A two-part video projection that takes place in two separate rooms of a gallery. The projections, one static and one kinetic, depict two narratives that are connected yet never occupy the same space. Viewers are encouraged to move between the two rooms to make sense of the story. Sound and visual clues are explicitly employed in both projections to tie the two narratives together.
All That Is Solid is a four-screen, 10-minute animation that combines 3D computer generated graphics with black-and-white photographic images of interior spaces, specifically staircases and corridors. The conflation of the 3D generated shapes with the photographic interiors highlight perspective and create a hybrid image-space that is one- part representational and one-part imaginary.
End of Empire is a custom-built, robotic projection machine that projects a 14-minute video inspired by Andy Warhol’s 1964 film Empire. The robot’s motorized camera arm enables the frames movement and projects a black-and-white video image of the Empire State building across the gallery wall and ceiling and then reverses back to its original position to eventually reveal that the building has disappeared from the New York skyline. The moving projection transforms the conventional viewing of a film as a static object and the audience must physically change positions in order to experience the film as a performative projection. The full frame of the image is never seen in its entirety and the viewer has to piece together their perception of the film as it unfolds over time and across the physical space of the gallery.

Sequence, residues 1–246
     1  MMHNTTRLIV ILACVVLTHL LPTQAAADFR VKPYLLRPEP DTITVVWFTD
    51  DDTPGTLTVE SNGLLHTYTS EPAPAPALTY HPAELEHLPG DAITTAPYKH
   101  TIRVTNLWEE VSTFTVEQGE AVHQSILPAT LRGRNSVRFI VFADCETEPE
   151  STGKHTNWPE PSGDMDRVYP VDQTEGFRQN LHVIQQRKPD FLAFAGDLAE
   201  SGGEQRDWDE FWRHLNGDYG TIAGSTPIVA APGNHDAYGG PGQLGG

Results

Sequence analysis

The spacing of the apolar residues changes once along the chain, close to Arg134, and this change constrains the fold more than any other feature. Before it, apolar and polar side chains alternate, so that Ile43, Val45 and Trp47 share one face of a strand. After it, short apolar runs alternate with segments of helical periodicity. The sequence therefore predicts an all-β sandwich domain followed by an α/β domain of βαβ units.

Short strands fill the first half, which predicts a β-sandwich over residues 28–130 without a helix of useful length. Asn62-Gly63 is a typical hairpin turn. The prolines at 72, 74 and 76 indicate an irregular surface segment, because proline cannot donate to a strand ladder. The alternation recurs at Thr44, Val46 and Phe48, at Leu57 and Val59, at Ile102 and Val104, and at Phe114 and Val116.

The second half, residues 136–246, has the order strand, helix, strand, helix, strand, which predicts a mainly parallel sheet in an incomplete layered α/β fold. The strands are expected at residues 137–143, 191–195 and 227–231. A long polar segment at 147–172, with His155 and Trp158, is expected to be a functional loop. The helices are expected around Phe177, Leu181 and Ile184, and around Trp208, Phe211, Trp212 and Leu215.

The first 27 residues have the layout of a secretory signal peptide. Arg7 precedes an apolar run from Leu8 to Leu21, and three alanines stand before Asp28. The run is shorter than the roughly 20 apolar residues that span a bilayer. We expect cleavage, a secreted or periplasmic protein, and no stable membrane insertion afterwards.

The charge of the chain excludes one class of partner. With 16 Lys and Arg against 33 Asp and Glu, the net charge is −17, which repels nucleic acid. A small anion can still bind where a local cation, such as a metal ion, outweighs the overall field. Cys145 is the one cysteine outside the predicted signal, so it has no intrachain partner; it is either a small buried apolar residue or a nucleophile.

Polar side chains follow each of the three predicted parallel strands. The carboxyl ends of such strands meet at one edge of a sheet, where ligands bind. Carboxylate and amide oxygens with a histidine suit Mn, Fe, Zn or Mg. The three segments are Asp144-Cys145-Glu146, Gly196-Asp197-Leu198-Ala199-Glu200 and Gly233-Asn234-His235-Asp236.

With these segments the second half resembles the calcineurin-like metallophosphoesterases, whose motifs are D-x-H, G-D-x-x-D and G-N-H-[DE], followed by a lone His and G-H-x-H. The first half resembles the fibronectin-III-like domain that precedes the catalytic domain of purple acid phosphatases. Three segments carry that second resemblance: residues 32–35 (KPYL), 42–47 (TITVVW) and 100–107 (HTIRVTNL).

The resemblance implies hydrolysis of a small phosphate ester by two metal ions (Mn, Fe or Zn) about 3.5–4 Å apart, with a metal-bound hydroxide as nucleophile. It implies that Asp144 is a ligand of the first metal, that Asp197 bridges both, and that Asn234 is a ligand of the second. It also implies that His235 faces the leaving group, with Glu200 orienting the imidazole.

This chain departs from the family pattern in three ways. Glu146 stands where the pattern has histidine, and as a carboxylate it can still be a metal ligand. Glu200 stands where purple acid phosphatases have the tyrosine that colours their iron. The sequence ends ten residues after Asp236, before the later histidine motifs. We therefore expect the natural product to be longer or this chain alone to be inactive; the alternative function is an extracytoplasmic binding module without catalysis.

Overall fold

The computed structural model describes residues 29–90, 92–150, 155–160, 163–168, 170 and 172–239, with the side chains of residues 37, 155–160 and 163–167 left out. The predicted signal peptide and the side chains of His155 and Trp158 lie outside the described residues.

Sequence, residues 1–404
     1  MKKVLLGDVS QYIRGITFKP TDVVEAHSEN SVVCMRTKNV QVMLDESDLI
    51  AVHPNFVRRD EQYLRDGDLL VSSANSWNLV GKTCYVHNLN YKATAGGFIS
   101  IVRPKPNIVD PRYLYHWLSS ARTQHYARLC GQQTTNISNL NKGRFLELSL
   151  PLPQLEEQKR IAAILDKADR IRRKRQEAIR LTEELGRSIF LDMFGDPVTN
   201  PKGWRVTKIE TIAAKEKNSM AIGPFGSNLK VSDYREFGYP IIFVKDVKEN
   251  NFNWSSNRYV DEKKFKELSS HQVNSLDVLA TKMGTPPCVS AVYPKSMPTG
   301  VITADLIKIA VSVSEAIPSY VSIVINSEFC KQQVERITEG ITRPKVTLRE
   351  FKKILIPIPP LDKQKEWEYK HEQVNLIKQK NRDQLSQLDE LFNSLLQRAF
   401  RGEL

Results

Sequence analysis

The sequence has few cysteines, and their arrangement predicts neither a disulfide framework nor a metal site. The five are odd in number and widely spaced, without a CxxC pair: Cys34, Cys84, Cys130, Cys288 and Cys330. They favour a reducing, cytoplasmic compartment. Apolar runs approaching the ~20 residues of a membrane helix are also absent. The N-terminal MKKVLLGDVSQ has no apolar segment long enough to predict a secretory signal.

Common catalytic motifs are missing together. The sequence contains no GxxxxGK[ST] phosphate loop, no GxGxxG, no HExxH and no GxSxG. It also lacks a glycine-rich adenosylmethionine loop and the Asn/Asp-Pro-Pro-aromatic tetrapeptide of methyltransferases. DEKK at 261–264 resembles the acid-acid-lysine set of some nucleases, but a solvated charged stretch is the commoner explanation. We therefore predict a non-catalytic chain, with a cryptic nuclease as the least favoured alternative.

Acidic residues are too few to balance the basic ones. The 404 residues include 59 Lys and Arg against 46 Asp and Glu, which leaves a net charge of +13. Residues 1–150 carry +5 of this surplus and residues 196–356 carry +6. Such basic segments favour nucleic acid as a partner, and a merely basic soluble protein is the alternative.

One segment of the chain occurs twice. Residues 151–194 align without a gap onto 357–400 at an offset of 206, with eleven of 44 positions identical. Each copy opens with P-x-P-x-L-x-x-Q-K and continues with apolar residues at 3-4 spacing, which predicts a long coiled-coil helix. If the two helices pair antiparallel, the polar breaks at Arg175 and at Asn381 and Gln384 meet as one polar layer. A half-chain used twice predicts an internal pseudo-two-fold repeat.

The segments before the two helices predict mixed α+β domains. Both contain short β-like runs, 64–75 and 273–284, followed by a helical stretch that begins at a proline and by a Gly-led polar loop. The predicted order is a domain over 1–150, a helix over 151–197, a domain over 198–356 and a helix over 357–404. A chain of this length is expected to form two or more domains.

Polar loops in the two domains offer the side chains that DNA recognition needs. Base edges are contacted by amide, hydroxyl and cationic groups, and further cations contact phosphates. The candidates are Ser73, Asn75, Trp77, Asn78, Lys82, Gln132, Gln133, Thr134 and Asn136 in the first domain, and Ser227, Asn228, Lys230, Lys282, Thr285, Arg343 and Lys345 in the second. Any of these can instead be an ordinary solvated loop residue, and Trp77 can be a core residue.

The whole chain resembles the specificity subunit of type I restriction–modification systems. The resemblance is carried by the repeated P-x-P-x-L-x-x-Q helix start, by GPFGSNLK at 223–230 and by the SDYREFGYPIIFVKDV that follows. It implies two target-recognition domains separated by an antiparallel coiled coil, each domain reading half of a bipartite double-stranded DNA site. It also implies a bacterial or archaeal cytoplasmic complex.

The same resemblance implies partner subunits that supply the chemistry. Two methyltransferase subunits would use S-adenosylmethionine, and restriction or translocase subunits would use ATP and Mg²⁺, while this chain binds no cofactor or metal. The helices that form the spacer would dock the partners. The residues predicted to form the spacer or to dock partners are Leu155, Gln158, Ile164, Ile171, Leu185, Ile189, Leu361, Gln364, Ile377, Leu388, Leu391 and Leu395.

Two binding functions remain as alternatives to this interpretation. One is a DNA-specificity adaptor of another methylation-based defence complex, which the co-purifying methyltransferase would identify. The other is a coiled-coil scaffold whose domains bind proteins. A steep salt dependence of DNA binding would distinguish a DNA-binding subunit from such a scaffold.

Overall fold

Filmed on the Bonneville Salt Flats (which is one of the flattest places on earth and is famous for its speedway), Perfect Vehicle is the anitithesis of speed. The pacing of the vehicle is governed by the pacing of the body. In this case, breathing becomes the engine of the machine making it dependent on the body for movement. Pathos surrounds the work as we watch the slow progress of the vehicle inch its way across the landscape. This is an anti-heroic and absurd gesture as speed becomes overtaken by embodied time.
Knock is a murder mystery that is projected as a continuous loop. Three actors appear in the work. Knock employs a robotic projection device that responds to sound that is heard in the video, specifically, the sound of someone knocking on a door. When sound is detected, the projector pans to reveal who is behind the door.
Both machines were created as wearable devices to be worn in individual performances that were filmed. On one level, the films function as simple documents of the performances but they also function as fictionalized spaces in which the performances exist. The performances were conceived specifically for the camera; they were never intended to be performed in front of a live audience. In this way, the films become the work and stand as artifacts for the actions that occur between the body and the machines.